THE PAPER KITES
On the Corner Where You Live (Sony/Wonderlick)
The Paper Kites have had more than 250 million streams on Spotify and most folk don’t even know them or that they’re from Melbourne.
Half of those streams come from a beautiful 2010 song called Bloom which, like them, exists under the radar but those who know, know — on a global scale. They’re touring the US before announcing local dates. After 2015’s ARIA Top 10 twelvefour, they’ve released two albums this year. On the Corner Where You Live, their fourth album, is the companion to On the Train Ride Home. They’re linked by people watching lyrics but Train was mellow; Corner is about mood.
Mistakenly called a folk band, this establishes their lush pop sound that has no concern for what’s charting today.
Scene-setting opener A Gathering On 57th (the album was written in New York) is full of plaintive piano, sirens and jazzy Sinatra-era saxophone.
The cinematic Give Me Your Fire, Give Me Your Rain is Nick Drake meets The Sundays
Deep Burn Blue taps into Scottish act The Blue Nile, whose 1989 classic The Downtown Lights is even namechecked in the lyrics. That mix of synths, guitar and harmonies has become timeless for a reason. See also the excellent When It Hurts You.
Sam Bentley handles most vocals but bandmate Christina Lacy sings slow burner Mess We Made and when they team up (like Red Light) it’s magic.
Flashes is minimal sound, maximum impact, On the Corner Where You Live is fast but still soft. Does It Ever Cross Your Mind is just a voice, a piano and a major emotion.
It’s not full of radio hits. Some people will find it dull, but the Kites are now transmitting to a frequency of people, worldwide, who are about to fall in love with this album./ CAMERON ADAMS
Try this if you like: The Blue Nile, The Sundays
CASH SAVAGE & THE LAST DRINKS
Good Citizens (Mistletone/Inertia)
Cash Savage is feelin’ kinda free. Her last record, One Of Us, was shrouded in tragedy, this time she’s preaching empathy with the wind at her back, mad as hell and she’s not gonna take it anymore. Savage savages the dumbed-down pack mentality of mainstream Australia on Pack Animals, Sunday resurrects a love story on an anguished violin, the title track lampoons people swearing at MasterChef on the TV in the ‘burbs./MIKEY CAHILL
Try this if you like: Nick Cave, Tim Buckley
No One Defeats Us (EMI)
THESE are the things that Dreams are made of — two Australian music icons who will happily sabotage the easy option rather than rely on selling themselves on what they’ve done before.
Daniel Johns outgrew rock decades ago and Luke Steele has always walked on the wilder side. Here they are together in (very) electric Dreams. It’s not a huge leap from Steele’s work with Empire Of the Sun —
but taken somewhere a little more twisted.
Single and rally cry No One Defeats Us was the perfect introduction — divisive and distinctive. Equal parts The Clash and LCD Soundystem. Total effs given: zero.
Numbers On the Board is full of Johns’ falsetto robotic vocals and cash register rings.
Movies, about watching films, throws in percolating synths with a solo that sounds like it was played on video game Guitar Hero.
Young Minds is Empire Of the Sun on Quaaludes — blunted beats with the pair sharing vocal duties, Dreams is straight ahead Empire Of the Sun — sun-kissed electro pop with ’80s guitars and synths.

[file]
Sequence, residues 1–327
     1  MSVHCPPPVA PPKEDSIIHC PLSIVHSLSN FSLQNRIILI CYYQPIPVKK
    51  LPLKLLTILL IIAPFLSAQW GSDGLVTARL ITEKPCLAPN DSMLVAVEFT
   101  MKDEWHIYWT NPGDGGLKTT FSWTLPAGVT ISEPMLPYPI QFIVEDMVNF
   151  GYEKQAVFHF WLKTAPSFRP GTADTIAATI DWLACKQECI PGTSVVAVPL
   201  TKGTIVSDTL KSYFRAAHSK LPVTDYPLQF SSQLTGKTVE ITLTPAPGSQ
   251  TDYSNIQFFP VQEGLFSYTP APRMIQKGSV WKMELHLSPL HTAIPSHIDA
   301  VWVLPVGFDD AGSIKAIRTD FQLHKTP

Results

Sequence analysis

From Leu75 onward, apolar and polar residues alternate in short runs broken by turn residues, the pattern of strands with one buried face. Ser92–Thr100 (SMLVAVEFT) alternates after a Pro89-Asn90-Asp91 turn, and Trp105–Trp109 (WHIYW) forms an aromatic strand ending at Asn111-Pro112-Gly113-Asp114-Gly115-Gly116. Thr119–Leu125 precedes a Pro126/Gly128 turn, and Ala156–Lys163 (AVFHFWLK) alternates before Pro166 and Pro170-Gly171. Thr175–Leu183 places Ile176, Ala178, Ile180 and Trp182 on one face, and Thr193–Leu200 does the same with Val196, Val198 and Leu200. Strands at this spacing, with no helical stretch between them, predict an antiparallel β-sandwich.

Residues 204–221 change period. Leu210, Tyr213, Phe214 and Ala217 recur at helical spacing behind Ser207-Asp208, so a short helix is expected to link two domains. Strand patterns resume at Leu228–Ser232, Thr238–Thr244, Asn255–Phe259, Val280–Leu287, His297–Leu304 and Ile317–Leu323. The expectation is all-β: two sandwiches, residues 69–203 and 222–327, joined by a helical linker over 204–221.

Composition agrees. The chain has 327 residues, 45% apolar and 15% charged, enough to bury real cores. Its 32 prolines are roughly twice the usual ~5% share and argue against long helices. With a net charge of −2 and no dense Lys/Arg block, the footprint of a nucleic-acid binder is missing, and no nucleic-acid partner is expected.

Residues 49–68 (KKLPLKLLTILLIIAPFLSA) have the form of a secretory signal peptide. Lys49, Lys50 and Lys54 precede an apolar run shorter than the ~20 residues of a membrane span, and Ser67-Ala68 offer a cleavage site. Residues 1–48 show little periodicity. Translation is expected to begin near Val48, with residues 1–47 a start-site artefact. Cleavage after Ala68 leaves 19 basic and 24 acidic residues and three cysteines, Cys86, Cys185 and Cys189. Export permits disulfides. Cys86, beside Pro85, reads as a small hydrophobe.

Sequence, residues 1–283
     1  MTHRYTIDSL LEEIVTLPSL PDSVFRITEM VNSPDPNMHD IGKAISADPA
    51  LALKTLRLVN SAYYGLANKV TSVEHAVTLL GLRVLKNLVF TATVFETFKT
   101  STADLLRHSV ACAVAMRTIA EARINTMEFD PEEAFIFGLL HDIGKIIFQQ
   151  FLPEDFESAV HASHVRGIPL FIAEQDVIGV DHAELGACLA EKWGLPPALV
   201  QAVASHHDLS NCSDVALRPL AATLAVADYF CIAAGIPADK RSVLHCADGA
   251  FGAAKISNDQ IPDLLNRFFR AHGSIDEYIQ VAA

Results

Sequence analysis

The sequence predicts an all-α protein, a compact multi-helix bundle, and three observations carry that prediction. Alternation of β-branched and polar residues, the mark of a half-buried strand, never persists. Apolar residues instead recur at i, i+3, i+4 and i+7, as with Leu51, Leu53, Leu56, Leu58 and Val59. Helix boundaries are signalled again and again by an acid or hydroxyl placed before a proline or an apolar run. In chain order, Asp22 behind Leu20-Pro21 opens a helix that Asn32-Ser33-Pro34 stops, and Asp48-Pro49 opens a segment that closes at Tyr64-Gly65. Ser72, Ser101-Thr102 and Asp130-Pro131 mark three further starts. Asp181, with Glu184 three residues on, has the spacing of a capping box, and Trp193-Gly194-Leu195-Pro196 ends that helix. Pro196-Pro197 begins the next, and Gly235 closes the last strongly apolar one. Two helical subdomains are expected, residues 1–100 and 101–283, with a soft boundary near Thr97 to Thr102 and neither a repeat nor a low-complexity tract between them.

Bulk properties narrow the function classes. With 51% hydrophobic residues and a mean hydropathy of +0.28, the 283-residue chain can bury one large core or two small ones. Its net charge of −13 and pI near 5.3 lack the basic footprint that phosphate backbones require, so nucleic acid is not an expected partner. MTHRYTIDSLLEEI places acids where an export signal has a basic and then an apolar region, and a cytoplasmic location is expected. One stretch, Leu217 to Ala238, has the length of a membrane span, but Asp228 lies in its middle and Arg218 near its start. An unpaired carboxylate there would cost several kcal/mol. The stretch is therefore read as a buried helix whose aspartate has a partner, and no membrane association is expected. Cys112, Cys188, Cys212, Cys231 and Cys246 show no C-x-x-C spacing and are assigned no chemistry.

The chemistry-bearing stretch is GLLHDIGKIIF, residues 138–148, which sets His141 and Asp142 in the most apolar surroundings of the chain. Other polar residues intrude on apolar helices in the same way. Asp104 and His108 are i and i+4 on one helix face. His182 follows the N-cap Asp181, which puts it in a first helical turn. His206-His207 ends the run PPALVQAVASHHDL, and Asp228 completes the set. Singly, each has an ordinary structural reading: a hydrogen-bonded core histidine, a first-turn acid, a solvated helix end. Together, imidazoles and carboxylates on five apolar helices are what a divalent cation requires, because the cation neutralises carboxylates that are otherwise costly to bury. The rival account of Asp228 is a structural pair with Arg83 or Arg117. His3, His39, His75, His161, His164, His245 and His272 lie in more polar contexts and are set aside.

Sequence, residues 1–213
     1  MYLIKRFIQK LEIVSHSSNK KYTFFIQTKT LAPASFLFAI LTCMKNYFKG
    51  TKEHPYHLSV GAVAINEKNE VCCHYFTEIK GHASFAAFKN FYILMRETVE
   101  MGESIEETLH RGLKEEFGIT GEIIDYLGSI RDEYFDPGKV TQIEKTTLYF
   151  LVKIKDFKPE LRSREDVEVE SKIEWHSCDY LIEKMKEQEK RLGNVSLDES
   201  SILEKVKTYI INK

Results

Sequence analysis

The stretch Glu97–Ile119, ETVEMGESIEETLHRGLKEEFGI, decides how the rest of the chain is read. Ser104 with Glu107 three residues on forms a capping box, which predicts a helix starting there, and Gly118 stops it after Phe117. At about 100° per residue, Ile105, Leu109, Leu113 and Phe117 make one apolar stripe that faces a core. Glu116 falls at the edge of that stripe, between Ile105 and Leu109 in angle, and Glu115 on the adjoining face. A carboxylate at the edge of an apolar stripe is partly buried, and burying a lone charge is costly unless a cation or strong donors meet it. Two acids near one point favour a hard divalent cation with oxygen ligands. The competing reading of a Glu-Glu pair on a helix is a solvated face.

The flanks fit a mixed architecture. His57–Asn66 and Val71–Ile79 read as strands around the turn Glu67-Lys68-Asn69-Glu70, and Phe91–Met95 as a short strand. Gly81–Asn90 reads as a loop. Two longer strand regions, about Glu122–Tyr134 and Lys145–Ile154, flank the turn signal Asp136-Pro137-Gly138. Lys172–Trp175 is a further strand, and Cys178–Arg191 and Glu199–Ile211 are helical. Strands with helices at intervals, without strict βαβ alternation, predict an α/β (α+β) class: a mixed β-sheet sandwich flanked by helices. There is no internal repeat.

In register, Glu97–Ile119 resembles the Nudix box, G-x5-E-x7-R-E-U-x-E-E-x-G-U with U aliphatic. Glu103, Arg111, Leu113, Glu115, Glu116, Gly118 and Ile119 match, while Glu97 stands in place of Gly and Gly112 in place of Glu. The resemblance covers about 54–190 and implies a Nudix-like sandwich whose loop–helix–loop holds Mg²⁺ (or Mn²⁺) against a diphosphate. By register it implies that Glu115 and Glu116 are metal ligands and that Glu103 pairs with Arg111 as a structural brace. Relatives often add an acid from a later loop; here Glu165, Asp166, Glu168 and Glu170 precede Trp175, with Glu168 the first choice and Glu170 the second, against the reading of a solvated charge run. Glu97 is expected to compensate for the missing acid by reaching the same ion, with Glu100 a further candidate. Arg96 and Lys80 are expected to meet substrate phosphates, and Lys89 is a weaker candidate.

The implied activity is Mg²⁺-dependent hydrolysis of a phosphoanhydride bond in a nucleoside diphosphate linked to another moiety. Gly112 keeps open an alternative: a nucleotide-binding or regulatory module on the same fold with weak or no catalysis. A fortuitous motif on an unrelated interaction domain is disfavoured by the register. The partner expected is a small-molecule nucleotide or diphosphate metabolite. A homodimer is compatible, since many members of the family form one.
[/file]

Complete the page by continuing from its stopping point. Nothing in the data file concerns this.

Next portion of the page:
California pinpoints one of their influences — Daft Punk — with digital funk grooves and cut up autotuned vocals.
Odd Party indeed sounds like an odd party at Jabba the Hutt’s hut, while anyone triggered by Daniel Johns’ electronically altered vocals should avoid Always. It’s one of the album’s best moments, but he sings pretty much gibberish over mystic Frankie Goes To Hollywood meets Mike Oldfield electro-folk vibes.
For all the experimentation, the pair are bonded by their love of a great pop song. And if there’s going to be a commercial hit, here it’s Love To Live. And
if it doesn’t connect with the masses, they’ll just Dream it all up all over again./CAMERON ADAMS
Try this if you like: LCD Soundsytem, Kraftwerk
Clare Bowen (BMG)
Australian singer Clare Bowen hit big via US country music drama Nashville. She’s sold out global tours playing songs from the TV show and now finally releases her own record. It’s modern country, but defies pigeonholing. Let It Rain is Dolly Parton gone blues, Tide Rolls In sounds like Mumford & Sons covering Proud Mary and Lijah and the Shadow is like Radiohead transplanted to Nashville. Best is Doors & Corridors, which recalls the haunting beauty of Springsteen’s I’m on Fire./ CAMERON ADAMS
Try this if you like: Etta James, Loretta Lynn
THE GOON SAX
We’re Not Talking (Chapter Music)
Loving the trajectory of this literate Brisbane indie-pop trio. “I’ve got issues I don’t wanna be seen with,” sings James Harrison on Love Lost, conjuring There She Goes. Main singer Louis Forster recites his diary entries on Make Time 4 Love, We Can’t Win and Get Out. Losing Myself mixes blunted dub with a down-in-the-doldrums drum-machine as the three sing sweetly about low bank accounts/self esteem. All 12 songs earn their place here. The Jangle Giants!/MIKEY CAHILL
Try this if you like: Snout, the Fauves, the Triffids
My Mind Makes Noises (Sony)
Pale Waves, fronted by the gothy Heather Baron-Gracie, are surely the breakthrough band of 2018. They evoke a jangly Paramore while referencing MTV-era synth-rock faves Tears For Fears. This debut (which includes singles There’s a Honey and Television Romance, helmed by Matthew Healy) brings more hooky and heartfelt songs that transcend easy emo tagging. One More Time could be Pale Waves’ biggest anthem yet./CYCLONE WEHNER
Try this if you like: The Naked & the Famous, Taylor Swift